Considering my infatuation with older film cameras, this really was a great gift. I’m always looking at eBay for a new vintage camera and this one is in that spirit. It’s all plastic; I’d never have bought one myself. But trying out 120 film was fun and I enjoyed shooting with it.

The Holga and the whole Lomography shoot-from-the-hip idea always struck me as silly. Switching to film still means you should still compose your shot and think about framing your image. While some out of focus images can be insightful, Lomography seems to me to be based on light leaks and poor photography.

That’s not to say that you can’t get good shots from one of these cameras, and I do admire the gallery. It’s just some of the examples look like the photographer wasn’t really trying.

After shooting a couple of rolls I can say that my opinion has been changed. The Holga is just for fun and intentionally taking soft picture is part of that.

This model comes with a built-in flash with color filters. You rotate the dial and get red, yellow, blue, or plain white. For black and white I used the white flash, for color I liked the yellow filter.

With 120 film there are two mask inserts, one for 6×6 cm and another for 6×4.5 cm. The 6×6 gets you 12 shots and the 6×4.5 gets 16. My first two rolls were shot with the 6×6 and I haven’t developed the 6×4.5 rolls yet.

Once thing I really need to watch out for is double exposures. On my 35mm cameras, the film advance cocks the shutter and you can’t take more than one exposure. On the Holga, the shutter and film advance knob are not mechanically connected. You can expose the same shot multiple times and that ability is part of the appeal.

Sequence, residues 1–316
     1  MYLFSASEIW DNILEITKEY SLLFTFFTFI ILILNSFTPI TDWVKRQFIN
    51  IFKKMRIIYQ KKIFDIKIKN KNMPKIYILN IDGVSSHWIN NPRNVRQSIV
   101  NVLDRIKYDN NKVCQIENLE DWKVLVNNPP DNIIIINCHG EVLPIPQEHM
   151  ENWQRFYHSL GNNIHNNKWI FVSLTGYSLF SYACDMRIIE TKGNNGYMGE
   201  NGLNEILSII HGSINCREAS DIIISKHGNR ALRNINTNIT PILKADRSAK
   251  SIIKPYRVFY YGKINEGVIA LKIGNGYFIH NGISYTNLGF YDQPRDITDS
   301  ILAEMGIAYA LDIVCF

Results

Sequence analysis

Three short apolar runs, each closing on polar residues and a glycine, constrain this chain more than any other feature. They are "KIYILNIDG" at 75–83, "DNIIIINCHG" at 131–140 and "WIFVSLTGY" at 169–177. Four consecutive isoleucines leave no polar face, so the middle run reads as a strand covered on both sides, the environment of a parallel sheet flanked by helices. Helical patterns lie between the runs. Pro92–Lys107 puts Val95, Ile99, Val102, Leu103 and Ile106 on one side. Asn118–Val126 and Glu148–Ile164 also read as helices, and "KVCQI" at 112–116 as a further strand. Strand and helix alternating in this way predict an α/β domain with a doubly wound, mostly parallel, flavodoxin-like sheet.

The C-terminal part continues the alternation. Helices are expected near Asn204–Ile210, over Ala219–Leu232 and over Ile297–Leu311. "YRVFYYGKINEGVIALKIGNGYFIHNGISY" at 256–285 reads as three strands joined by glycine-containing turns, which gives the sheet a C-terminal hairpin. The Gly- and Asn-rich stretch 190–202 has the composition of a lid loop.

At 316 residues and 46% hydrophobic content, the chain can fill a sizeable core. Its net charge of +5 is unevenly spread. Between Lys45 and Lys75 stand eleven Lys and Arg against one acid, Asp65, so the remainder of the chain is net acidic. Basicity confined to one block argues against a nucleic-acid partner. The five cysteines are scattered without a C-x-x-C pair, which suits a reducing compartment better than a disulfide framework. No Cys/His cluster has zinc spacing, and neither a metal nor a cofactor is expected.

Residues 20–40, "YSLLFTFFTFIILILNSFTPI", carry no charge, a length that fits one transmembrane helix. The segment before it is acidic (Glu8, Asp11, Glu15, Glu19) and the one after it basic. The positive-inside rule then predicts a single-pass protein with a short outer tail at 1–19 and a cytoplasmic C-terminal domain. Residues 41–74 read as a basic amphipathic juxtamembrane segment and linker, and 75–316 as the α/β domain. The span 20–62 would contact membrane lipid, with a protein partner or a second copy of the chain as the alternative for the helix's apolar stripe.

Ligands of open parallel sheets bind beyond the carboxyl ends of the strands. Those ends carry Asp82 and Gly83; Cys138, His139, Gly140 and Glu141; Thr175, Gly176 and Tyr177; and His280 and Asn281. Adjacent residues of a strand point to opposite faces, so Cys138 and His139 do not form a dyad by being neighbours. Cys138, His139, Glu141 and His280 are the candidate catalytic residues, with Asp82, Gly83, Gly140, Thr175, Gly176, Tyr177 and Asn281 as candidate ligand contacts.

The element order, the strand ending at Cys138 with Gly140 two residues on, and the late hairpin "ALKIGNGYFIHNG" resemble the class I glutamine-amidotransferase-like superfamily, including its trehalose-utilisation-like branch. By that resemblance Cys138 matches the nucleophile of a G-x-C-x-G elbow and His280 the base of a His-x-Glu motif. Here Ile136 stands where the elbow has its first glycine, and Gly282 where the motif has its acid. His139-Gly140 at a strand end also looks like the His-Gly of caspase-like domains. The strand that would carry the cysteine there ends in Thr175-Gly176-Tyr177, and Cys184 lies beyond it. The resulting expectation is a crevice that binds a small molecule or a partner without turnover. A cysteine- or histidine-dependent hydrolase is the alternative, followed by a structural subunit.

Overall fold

I ruined a few of my B&W T Max shots because I hadn’t realized that I had already exposed that film. That’ll teach me to pay more attention.

Overall it was fun but I don’t expect this to replace my Olympus Trip 35. When the weather gets warmer I’ll take some outdoor shots with my remaining roll.

Using WP-PageNavi with the Elemin theme

Update: Added a conditional to ensure that wp_pagenavi() runs once.

The Elemin theme has it’s own built-in page navigation after the posts. It’s attractive, but not quite as flexible as the WP-PageNavi plugin. With this plugin you can put a page counter, link to the start and end pages, etc. It’s a cool add-on and I’ve gotten comfortable using it on my WordPress blog.

Adding support for that plugin to Elemin can be done simply by creating an includes directory for the child theme, and copying the elemin/includes/pagination.php file into the child theme includes directory. You then modify the copy with the wp_pagenavi() code and due to the magic of get_template_part() the child theme will pick that up.

Modifying a copy of a parent theme file isn’t too bad and that file is very small. But that’s not a very interesting solution. What’s more fun is to add support via hooking into the loop.

I’ve made many modifications to my child theme and not once have I had to copy and/or modify one of the parent theme files. For me, that’s the whole point of this exercise: creating a child theme that only uses functions.php and CSS.

So far using that method for this child theme I’ve been able to do the following:

  1. Add a random header image
  2. Made some CSS changes including a page background
  3. Added a fix for Internet Explorer 8 issues
  4. Created a front page view that shows the full content and then the excerpts and without using a front-page.php template

I’m having a great time doing it too. WordPress is very extensible and I’m picking up more and more PHP knowledge as a result of playing with my WordPress blog.

Here’s how I added support for WP-PageNavi to the Elemin theme. Read more